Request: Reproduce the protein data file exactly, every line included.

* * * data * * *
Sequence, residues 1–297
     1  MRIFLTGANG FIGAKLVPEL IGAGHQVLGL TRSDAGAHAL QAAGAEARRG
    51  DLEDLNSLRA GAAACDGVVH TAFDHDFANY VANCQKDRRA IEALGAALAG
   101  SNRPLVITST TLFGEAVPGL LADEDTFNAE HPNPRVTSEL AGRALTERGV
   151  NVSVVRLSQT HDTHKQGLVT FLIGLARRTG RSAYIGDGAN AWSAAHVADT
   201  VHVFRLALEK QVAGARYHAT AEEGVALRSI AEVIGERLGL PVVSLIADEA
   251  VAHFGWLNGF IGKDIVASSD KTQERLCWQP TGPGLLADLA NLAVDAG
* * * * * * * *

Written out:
Sequence, residues 1–297
     1  MRIFLTGANG FIGAKLVPEL IGAGHQVLGL TRSDAGAHAL QAAGAEARRG
    51  DLEDLNSLRA GAAACDGVVH TAFDHDFANY VANCQKDRRA IEALGAALAG
   101  SNRPLVITST TLFGEAVPGL LADEDTFNAE HPNPRVTSEL AGRALTERGV
   151  NVSVVRLSQT HDTHKQGLVT FLIGLARRTG RSAYIGDGAN AWSAAHVADT
   201  VHVFRLALEK QVAGARYHAT AEEGVALRSI AEVIGERLGL PVVSLIADEA
   251  VAHFGWLNGF IGKDIVASSD KTQERLCWQP TGPGLLADLA NLAVDAG